This is probably the biggest shock you’ll encounter as a social entrepreneur. Every social enterprise we met with regularly struggles with employee retention, worker misconduct, and low motivation.
For example, many workers in the textile space are paid based on how many units (for example, necklaces) they are able to make. A common problem is that some employees will actually sell the raw materials they are provided for additional income, even though the money they could earn from using those materials to produce a finished product would be ten times as much.
One entrepreneur told us that he has had to fire weavers in the past because of theft or because they simply refuse to follow rules of conduct. Another entrepreneur shared that she has had to practically beg artisans to come to work, or else they wouldn’t meet their production timelines. Despite the higher pay, better work conditions, and additional programs (such as financial education and business management trainings) that social enterprises are willing to offer, they still encounter many challenges from a human resource perspective.
This doesn’t mean you should be discouraged as a social entrepreneur. This means that you’re not here to give charity in the form of jobs – your job is to be a community partner. This means educating people, changing mindsets, and helping communities become self-sufficient. That involves outlining clear rules and sometimes even doling out discipline or occasionally motivating people when they get discouraged.
Back in Toronto, I’ve often heard people say things like, “Get involved in a social venture! It can prepare you for the corporate world!” I think this is the exact opposite. You need skills and business knowledge gained from the for-profit world to help you run your social enterprise.
Many of the social entrepreneurs we met in Philippines previously came from corporate backgrounds, and some of them are still holding down a full-time job while they manage their social business. EJ manages a successful national food business for his parents when he’s not working on AKABA, and Yana Santiago from Olivia & Diego is also the property manager for her family’s investment property, not to mention Dylan Wilks from Human Nature was previously one of the richest men in England due to his video game business.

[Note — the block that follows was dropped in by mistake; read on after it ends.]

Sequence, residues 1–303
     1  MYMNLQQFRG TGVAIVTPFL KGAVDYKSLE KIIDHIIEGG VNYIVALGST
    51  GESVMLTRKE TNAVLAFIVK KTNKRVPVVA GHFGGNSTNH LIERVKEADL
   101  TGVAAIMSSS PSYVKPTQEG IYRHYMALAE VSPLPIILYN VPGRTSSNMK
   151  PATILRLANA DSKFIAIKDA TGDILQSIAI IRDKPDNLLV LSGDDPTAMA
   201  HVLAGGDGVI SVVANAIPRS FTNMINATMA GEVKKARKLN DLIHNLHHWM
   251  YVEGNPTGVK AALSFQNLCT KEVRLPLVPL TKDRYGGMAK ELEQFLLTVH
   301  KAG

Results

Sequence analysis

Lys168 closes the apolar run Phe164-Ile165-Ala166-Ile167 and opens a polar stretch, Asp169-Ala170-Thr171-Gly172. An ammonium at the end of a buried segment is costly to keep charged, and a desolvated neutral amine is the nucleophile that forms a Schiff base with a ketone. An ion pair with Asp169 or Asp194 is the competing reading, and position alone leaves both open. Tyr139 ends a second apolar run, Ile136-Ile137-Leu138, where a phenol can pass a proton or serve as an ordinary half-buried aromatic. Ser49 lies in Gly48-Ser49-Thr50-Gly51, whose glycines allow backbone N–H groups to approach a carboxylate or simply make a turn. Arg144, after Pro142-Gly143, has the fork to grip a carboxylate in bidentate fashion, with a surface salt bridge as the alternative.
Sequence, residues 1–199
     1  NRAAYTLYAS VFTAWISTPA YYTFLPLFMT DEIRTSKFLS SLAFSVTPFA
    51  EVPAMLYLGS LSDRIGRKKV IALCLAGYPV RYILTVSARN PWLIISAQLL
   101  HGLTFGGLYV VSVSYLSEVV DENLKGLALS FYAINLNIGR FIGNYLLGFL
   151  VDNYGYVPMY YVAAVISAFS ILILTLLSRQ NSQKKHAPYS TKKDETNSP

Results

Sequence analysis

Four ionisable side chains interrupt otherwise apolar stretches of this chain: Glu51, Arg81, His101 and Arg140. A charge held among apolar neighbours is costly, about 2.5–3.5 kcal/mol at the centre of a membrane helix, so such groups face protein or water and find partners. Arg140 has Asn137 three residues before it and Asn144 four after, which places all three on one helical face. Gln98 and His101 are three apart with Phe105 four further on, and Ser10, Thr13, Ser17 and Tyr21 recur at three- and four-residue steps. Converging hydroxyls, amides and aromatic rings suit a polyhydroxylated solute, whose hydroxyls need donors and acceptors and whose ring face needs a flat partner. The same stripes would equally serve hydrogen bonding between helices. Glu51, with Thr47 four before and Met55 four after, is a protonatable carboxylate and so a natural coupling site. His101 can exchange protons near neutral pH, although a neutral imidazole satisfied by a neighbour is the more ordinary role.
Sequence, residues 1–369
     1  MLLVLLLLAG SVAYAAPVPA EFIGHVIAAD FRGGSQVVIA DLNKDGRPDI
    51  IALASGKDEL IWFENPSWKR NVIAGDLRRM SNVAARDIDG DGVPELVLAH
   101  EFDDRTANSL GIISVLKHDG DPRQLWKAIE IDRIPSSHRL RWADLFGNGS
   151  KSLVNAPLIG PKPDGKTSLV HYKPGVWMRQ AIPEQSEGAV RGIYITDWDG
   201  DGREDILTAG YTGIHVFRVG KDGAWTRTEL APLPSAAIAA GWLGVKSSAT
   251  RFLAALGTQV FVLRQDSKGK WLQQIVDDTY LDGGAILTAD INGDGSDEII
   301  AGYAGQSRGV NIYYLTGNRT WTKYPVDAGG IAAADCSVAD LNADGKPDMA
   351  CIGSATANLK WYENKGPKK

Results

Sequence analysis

Like we said before, it’s relatively easy to make money but it’s hard to make money the ethical way. This isn’t to say you need to have launched your own for-profit business first or wile several years away at a corporate job before thinking about social enterprise, but any additional understanding or experience you can add to your toolbox of skills will only help you become a better social entrepreneur.
Gelaine with a stuffed toy from Plush and Play
If you’re managing your own social enterprise, you need to know your business and industry inside out. But don’t be fooled - many social entrepreneurs had no clue what they were doing when they started out. Fabien Courteille, founder of Filipino toy company Plush & Play, didn’t know anything about toys or sewing. During his speech at the Social Business Summit in January, he recalled that the first prototype of toys they created were horrible. They tried to create a toy in the shape of a tomato and it came out looking more “like ketchup”, he said with a laugh. Being from France, he also had very little knowledge of the Filipino business market.
Since then, they’ve hired designers and work with experienced nanays (mothers in the surrounding poor communities) to produce their line of non-toxic and educational toys. Plush and Play is actually the first and only Filipino toy company present at Toy Kingdom, the biggest toy retailers in the country (the rest are American and Japanese brands).
Being a social entrepreneur isn’t easy. It's a road paved with difficult challenges to face and decisions to make, but don’t let that stop you. It’s always easier than you think to get started, and you’ll be in the same boat with some really amazing and talented people. We promise.